Breaking New Ground At Shanghai Symphony Hall

Shanghai Symphony Orchestra will finally settle into its own, purpose built, Fuxing Lu concert hall this month, and with this momentous move, they will also welcome a monthly concert series, Contemporale, comprising of contemporary artists curated by locally based concert promoters, Split Works.

The Shanghai Symphony Orchestra can trace its origins back to 1879. It was even known, in its heyday, as the “greatest orchestra in the Far East”. It is surprising, therefore, that the orchestra has never had its own venue, instead preforming at various concert halls around the city. However, this month, the SSO will finally realise their dream of their own concert hall.

Situated in the leafy Former French Concession and opposite old lane houses, the venue seems like the ideal location for this historic orchestra to finally grow roots.  The venue consists of a 1200-seat concert hall and a 400-seat chamber hall. It couldn’t be in a more musical block, with the Shanghai Conservatory of Music just around the corner and a string of music shops. It is a breeding ground for the next generation of musical talent in Shanghai. Sebastian Wang, Director of the Department of Artistic Planning for SSO told Talk, “It is one of the most well-preserved areas in Shanghai, and it's close to Shanghai Conservatory of music, the institution that witnessed the development of symphony in China just like SSO did”.


The concert hall itself was built from the inside out. The acoustics and internal functionality was the main focus of acoustic designer, Yasuhisa Toyota, who also designed the Disney Concert Hall in Los Angeles. Mr Toyota’s mantra was that he was building a piece of a musical instrument instead of a house. The designer employed hundreds of sound tests to ensure the perfection of the sound. The chamber hall of Shanghai Symphony Hall, the same hall that will host the Contemporal series, is the first venue in China to apply 3D holographic sound technology.


Shanghai is not short of options when it comes to impressive concert halls, but many of these venues tend to be rather introverted. Many are government owned, and already draw big crowds for top international and traditional classical talent, therefore are not as motivated to break the mould and try innovative programming. As a result, many are closed to all but the top international artists and promoters. However, SSO has always been a forward thinking organisation, ever since its establishment when it was the first institution to introduce symphony to Mainland China, and now with progressive Wang at the helm of programming, and with the help of Split Works, the Contemporale series might just effect change.

Each month this autumn, a globally renowned contemporary artist will play in the more intimate chamber hall; the type of which are usually reserved for traditional and classical performances. Archie Hamilton, CEO of Split Works, told Talk, “Classical music is traditionally a very conservative foothold by nature, and there is a lack of desire to take risks. The Contemporale series is the first of its kind in China and it will always be a little bit risky but hopefully it will open the floodgates”.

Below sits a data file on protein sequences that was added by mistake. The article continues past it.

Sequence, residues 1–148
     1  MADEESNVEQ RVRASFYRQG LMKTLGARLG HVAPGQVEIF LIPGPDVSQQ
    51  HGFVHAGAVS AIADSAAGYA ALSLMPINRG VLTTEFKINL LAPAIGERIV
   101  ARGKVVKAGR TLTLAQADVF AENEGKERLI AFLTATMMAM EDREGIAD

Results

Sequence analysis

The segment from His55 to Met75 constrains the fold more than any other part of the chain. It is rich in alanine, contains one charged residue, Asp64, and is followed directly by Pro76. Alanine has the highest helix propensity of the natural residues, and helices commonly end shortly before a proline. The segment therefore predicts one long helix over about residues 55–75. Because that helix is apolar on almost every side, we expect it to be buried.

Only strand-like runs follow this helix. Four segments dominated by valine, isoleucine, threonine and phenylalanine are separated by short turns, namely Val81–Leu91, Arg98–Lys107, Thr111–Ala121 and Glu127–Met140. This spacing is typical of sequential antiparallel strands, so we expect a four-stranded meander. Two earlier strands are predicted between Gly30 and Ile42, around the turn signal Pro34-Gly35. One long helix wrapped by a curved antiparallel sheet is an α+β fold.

This is the first contemporary series of concerts in Shanghai and therefore a pioneering project for SSO. Due to the government’s Five-Year Plan and innovation goals, there has been a lot of support for the creative industries and many exemplary facilities have been built. “They build fantastic international-class facilities, bringing in big artists and concerts. But now they have built all these places, what are they going to fill them with? We want to try and create innovative programming. [All these buildings] need content, it can’t all just be New York Philharmonic Orchestra”, said Hamilton.

Split Works hopes to introduce contemporary independent artists they bring over to a new, mainstream, classical local audience who may not necessarily have heard their work before. It remains to be seen whether this crowd will appreciate the modern artists. However, Hamilton hopes that they will take the new experience into their hearts.

SSO’s Wang is more pragmatic, “We believe that good music doesn't necessarily depend on the scale of production or performance group. We would like Shanghai Symphony Hall to be a place for the public to actually enjoy and understand the beauty of music rather than limiting the audience or ourselves”, said Wang.

If you are interested in going to witness this pioneering programming at SSO, Moonface, the alter ego of Spencer Krug (Wolf Parade, Sunset Rubdown) will bring his anguished vocals and delicate piano accompaniment for the first Contemporale concert in September. Followed, in October, by Erased Tapes and Unseen Worlds’ Lubomyr Melnyk, the pioneer of the continuous piano technique. November will host the liquid molasses baritone of Bill Callahan (Smog). The series will take a break for winter after the ambient soundscapes of
Eluvium just before Christmas.



Poet and pianist, Moonface, will bring his neoteric sounds to Shanghai Symphony Hall as the first artist in the Contemporale series. His deep and gentle voice along with impressive instrumentals will reverberate around the chamber hall.

21 September. 7:45pm. RMB 100. Shanghai Symphony Orchestra, Chamber Hall. 1380 Fuxing Zhong Lu, near Baoqing Lu. Web: For more information, visit, com